Tablet Magazine senior reporter Armin Rosen was beaten by police, who then confiscated his bicycle, while he was covering protests in New York, New York, on June 3, 2020.
Protests that began in Minnesota on May 26 spread across the country, sparked by a video showing a police officer kneeling on the neck of George Floyd, a Black man, during an arrest the day before. Floyd was later pronounced dead at a hospital.
Rosen told the U.S. Press Freedom Tracker that he was covering a protest march in downtown Brooklyn shortly after 9 p.m. New York Police Department officers had been gradually pushing the crowd toward Borough Hall but quickened their advance when a sudden downpour began.
Rosen — who had with him a reporting notebook, backpack, bicycle and helmet wrapped in white duct tape with “PRESS” emblazoned across it — walked his bike over to a nearby structure to take cover from the rain and put his notebook away so it wouldn’t be damaged.
“Facing the structure, and thus with my back to the crowd, I felt a blunt object strike my right shoulder and very quickly realized I was on the grass and surrounded by police,” Rosen said.
He added that he is unsure how many times officers struck him with their batons in total.
Three officers held him down while another demanded, “What the fuck is in your bag?” The officer then quickly searched the backpack as Rosen explained that he was a journalist and had been concerned about his notebook getting wet. Rosen said the officers did not ask him to produce any identification.
Rosen said another officer said, “Take your shit and get the fuck out of here,” and threw the still-open bag toward him.
“Once back on my feet, I was aggressively pushed forwards by a nearby cop and nearly fell to the ground again,” Rosen said.
That’s when Rosen said he realized that his bike was gone. When Rosen asked if the officers could return his bike, an officer responded, “It’s not your bike anymore.”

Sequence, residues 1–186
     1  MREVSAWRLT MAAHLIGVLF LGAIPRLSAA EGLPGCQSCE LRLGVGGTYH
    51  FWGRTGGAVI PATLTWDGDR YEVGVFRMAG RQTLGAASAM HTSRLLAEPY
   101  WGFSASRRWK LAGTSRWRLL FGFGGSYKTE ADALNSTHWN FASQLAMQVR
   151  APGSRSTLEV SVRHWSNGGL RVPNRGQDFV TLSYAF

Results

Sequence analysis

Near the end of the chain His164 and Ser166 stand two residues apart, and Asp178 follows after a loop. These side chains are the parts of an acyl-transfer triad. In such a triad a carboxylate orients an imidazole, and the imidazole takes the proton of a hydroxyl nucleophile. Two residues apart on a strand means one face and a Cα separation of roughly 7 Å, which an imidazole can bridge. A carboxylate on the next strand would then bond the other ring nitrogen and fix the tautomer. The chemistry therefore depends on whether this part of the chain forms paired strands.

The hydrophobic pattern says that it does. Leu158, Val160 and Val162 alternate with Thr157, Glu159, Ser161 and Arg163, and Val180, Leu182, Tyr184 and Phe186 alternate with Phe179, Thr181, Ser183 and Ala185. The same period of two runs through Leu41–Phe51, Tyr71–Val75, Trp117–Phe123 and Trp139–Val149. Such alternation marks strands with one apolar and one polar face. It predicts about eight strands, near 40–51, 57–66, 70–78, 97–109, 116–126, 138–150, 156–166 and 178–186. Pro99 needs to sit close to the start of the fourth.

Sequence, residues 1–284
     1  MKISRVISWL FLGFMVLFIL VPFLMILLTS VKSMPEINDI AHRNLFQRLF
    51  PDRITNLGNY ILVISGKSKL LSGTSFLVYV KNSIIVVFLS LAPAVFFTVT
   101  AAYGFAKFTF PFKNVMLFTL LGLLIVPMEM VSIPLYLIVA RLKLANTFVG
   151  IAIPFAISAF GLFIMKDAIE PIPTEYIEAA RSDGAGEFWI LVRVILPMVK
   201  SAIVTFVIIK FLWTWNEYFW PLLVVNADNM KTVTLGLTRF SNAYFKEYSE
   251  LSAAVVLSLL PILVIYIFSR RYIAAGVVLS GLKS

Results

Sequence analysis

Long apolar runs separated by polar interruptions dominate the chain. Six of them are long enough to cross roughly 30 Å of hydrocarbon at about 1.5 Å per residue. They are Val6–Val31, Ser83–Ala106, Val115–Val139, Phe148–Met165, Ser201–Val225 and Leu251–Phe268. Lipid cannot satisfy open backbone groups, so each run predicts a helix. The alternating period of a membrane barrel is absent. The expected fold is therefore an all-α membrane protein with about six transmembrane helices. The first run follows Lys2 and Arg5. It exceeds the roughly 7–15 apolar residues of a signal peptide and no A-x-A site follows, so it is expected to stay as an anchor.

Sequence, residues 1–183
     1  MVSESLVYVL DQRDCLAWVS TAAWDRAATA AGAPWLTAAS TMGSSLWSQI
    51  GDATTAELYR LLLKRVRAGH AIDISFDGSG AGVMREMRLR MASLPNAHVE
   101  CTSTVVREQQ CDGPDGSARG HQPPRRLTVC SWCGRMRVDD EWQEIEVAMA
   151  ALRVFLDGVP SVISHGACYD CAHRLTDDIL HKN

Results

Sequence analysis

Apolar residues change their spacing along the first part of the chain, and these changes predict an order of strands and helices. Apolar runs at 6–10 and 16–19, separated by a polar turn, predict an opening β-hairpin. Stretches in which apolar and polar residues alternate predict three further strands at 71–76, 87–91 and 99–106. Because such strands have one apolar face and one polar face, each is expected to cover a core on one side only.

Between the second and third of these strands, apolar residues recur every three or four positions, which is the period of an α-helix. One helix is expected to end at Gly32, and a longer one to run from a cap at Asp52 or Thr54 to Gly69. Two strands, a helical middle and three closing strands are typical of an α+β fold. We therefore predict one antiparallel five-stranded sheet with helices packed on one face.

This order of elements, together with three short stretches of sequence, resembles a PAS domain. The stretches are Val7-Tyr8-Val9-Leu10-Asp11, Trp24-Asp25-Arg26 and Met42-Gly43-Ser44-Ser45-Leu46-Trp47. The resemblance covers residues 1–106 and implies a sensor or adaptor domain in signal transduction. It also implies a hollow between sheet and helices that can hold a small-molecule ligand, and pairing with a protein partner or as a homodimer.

Rosen told the Tracker that he asked if there was a number he could call in order to recover the bike, but both the officers who had surrounded him and a man who appeared to be a commanding officer dismissed or ignored his requests.
“I currently have a large welt on my right shoulder from the initial blow, along with a second area of pain in my left buttock,” Rosen said.
Rosen told the Tracker that a fellow journalist found his bike more or less abandoned near Borough Hall along with multiple others a few hours after it was taken, and was able to return it to Rosen.
When asked for comment, an NYPD spokesperson directed the Tracker to the “30-minute mark” of a press briefing held by New York Mayor Bill de Blasio and Police Commissioner Dermot Shea on June 3.
Around that point in the recording, Shea says: “Wherever appropriate, we issue summonses in lieu of arrests. We’ve obviously done a lot of both summonses and arrests. The only thing that I might add on the point of the press: We’re doing the best we can, the difficult situation. We 100 percent respect the rights of the press. Unfortunately, we’ve had some people purporting to be press that are actually lying, if you can believe that. So sometimes these things take a second—maybe too long—to sort out.”
The U.S. Press Freedom Tracker is documenting several hundred total incidents of journalists assaulted, arrested, struck by crowd control ammunition or tear gas or had their equipment damaged while covering Black Lives Matter protests across the country. Find these incidents here.